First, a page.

By Nikki Junker, Identity Theft Resource Center
On Monday, we entered the public discussion about RFID-enabled credit cards with a brief overview of RFID technology. Today, we want to address concerns as to whether or not RFID cards can be “hi-jacked” by use of an unauthorized RFID scanner, thus making the information available for use for fraudulent purposes. Fortunately, it’s not as straight-forward as it sounds. Here’s a closer look at what RFID technology does and does not permit.
Is it easy to scan RFID-enabled cards?
- Scanners that can “read” RFID-enabled cards are available to merchants and the general public.
- These scanners can interrogate the RFID card and retrieve the information provided by the RFID chip on the card.
- The scanner must be within inches of the card, but otherwise it is a fairly simple process, and can certainly be done without the card owner knowing it has happened.
Could one use the retrieved information for fraudulent purchases?
- The general assumption is that the RFID chip provides the same information that is embedded in the magnetic strip of a traditional credit card. So, if the RFID chip can be read, then the perpetrator has the ability to use that information to make fraudulent purchases. Fortunately, this is NOT the case.
- Most RFID card manufacturers have implemented security features which make it difficult or impossible to use the “hi-jacked” information to make a fraudulent transaction. These features are outlined below.
For contactless payments (RFID), the financial industry uses added security technology, both on the card itself, as well as in the processing network and system to prevent fraud. While implementations differ among issuers, examples of security measures being used include the following:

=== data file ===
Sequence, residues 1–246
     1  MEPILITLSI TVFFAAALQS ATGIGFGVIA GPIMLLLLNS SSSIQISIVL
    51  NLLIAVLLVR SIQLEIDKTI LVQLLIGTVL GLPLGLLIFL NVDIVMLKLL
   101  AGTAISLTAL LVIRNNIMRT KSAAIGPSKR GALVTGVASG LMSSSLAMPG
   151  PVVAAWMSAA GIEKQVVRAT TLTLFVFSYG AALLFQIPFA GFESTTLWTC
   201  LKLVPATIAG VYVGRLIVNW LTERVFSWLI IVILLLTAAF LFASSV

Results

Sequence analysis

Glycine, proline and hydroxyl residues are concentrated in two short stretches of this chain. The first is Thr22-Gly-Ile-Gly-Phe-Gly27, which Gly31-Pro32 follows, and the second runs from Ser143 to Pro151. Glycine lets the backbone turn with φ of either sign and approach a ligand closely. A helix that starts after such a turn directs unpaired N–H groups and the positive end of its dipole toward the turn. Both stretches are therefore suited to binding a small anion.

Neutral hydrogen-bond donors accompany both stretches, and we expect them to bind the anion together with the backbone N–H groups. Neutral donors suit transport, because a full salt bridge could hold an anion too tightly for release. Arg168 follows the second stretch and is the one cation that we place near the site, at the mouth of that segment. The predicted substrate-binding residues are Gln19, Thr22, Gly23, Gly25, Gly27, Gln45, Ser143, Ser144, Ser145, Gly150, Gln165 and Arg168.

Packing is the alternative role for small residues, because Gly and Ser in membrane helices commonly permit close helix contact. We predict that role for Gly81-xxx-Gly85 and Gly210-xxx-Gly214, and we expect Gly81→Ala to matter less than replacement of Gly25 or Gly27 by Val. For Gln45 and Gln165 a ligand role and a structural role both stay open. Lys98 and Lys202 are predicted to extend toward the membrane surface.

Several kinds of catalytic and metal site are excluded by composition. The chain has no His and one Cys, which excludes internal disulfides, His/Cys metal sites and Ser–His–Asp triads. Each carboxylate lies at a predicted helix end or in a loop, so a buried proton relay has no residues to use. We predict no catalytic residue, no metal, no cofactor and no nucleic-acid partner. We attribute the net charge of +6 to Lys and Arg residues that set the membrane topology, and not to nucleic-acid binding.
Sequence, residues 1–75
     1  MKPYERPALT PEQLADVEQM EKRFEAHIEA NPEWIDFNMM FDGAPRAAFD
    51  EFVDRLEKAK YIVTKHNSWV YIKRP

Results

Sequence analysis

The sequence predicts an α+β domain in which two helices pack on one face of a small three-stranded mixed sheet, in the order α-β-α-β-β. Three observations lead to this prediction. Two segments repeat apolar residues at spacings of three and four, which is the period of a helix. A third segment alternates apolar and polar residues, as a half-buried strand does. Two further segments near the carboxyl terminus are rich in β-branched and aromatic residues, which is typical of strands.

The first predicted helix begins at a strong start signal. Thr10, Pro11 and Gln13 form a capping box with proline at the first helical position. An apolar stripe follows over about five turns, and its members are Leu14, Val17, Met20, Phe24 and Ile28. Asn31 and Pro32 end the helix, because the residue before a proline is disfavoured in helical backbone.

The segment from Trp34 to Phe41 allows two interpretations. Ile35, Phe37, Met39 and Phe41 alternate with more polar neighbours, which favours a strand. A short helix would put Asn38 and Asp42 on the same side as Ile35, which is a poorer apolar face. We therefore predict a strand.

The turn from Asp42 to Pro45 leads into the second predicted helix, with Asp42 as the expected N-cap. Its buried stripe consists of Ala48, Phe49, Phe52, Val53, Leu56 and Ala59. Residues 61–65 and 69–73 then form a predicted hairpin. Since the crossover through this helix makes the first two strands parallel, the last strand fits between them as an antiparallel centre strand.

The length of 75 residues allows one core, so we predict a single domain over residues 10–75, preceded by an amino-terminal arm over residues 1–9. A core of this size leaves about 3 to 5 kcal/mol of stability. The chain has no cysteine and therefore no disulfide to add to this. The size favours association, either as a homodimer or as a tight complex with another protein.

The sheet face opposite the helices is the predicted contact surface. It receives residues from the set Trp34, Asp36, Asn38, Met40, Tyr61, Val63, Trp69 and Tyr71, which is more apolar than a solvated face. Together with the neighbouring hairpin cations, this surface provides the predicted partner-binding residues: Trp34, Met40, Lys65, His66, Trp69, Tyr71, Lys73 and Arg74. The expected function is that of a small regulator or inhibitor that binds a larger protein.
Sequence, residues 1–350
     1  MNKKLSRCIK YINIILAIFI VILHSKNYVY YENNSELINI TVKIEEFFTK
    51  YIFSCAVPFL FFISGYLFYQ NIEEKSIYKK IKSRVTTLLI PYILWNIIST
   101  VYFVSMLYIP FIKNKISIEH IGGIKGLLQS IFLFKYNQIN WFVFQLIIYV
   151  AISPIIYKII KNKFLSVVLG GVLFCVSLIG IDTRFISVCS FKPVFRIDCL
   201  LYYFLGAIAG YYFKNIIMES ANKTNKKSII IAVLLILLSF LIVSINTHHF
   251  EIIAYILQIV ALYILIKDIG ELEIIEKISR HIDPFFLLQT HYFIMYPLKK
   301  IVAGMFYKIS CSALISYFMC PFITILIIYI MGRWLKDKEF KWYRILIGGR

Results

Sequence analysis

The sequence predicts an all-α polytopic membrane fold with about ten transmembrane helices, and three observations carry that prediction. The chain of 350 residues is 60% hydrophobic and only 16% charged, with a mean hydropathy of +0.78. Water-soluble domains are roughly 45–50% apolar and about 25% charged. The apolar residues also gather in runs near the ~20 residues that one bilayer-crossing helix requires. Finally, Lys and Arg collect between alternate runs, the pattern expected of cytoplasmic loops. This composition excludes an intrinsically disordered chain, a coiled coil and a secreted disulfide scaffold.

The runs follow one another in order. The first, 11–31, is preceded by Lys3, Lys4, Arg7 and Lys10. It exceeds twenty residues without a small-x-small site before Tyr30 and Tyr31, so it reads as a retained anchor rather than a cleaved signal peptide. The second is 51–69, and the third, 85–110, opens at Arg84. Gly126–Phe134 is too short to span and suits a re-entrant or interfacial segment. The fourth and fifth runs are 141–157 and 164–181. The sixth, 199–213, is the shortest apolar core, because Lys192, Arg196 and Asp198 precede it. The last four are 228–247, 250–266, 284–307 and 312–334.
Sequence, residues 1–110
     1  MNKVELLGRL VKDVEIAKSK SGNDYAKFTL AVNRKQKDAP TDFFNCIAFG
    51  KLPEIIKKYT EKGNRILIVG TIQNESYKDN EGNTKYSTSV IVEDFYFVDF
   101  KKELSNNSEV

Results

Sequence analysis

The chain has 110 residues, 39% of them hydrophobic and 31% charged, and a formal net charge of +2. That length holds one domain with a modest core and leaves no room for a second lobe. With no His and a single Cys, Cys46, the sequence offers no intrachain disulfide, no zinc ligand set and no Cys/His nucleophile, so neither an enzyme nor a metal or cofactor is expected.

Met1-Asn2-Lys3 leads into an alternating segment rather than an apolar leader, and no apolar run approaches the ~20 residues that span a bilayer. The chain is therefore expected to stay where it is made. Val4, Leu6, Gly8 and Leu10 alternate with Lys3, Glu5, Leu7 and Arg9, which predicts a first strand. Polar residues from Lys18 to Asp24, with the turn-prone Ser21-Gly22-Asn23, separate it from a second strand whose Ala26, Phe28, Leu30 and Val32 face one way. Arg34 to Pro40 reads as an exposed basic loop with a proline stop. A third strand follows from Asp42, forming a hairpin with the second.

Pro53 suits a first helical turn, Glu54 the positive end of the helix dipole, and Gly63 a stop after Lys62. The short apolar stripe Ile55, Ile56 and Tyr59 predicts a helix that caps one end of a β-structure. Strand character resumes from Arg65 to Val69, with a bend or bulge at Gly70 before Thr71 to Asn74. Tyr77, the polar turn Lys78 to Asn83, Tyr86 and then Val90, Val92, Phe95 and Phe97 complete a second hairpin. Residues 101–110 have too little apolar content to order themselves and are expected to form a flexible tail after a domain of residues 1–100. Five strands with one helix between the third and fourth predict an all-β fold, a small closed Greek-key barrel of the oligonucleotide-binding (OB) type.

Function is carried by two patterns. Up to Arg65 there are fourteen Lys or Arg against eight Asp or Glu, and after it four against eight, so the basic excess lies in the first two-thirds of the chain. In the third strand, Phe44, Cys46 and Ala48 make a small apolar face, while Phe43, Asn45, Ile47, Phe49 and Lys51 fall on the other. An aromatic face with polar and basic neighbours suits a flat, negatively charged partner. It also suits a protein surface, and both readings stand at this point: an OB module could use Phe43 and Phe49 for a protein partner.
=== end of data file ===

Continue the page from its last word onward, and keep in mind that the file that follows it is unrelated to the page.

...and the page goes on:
- Industry standard encryption. At the card level, each contactless card can have its own unique built-in secret “key” that uses standard encryption technology to generate a unique card verification value, cryptogram or authentication code that exclusively identifies each transaction. No two cards share the same key, and the key is never transmitted. Therefore, a transaction cannot take place without the card itself being present.
- Authentication. The issuers verify that the contactless payment transaction has a valid card verification value, authentication code or cryptogram before authorizing the transaction. At the system level, issuers have the ability to automatically detect and reject any attempt to use the same transaction information more than once.
- Confidentiality. The processing of contactless payments does not require the use of the actual cardholder name in the transaction. In fact, best practices being used within the industry do not include the cardholder name in the contactless chip. Thieves will find it very difficult to use a credit card number if they don’t have the corresponding cardholder information.
- Control. Cardholders control both the transaction and the card throughout the transaction. Cardholders do not have to hand over either a card or their account information to a clerk during a contactless transaction.
The RFID issue will continue to need to be monitored, but at this time it appears that both the technology and the companies that are using it can be trusted. So far, while surreptitiously scanning the card for information can be accomplished, getting all the information necessary to commit fraud is not easy.